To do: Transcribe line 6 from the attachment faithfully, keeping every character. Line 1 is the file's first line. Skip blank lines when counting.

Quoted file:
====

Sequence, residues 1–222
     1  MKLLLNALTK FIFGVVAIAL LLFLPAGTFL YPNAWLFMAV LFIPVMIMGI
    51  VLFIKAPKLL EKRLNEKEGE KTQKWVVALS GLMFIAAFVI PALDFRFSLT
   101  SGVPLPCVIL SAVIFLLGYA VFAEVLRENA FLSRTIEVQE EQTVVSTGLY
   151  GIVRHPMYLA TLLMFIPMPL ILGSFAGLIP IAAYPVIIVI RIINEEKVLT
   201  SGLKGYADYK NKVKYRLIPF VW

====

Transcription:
   201  SGLKGYADYK NKVKYRLIPF VW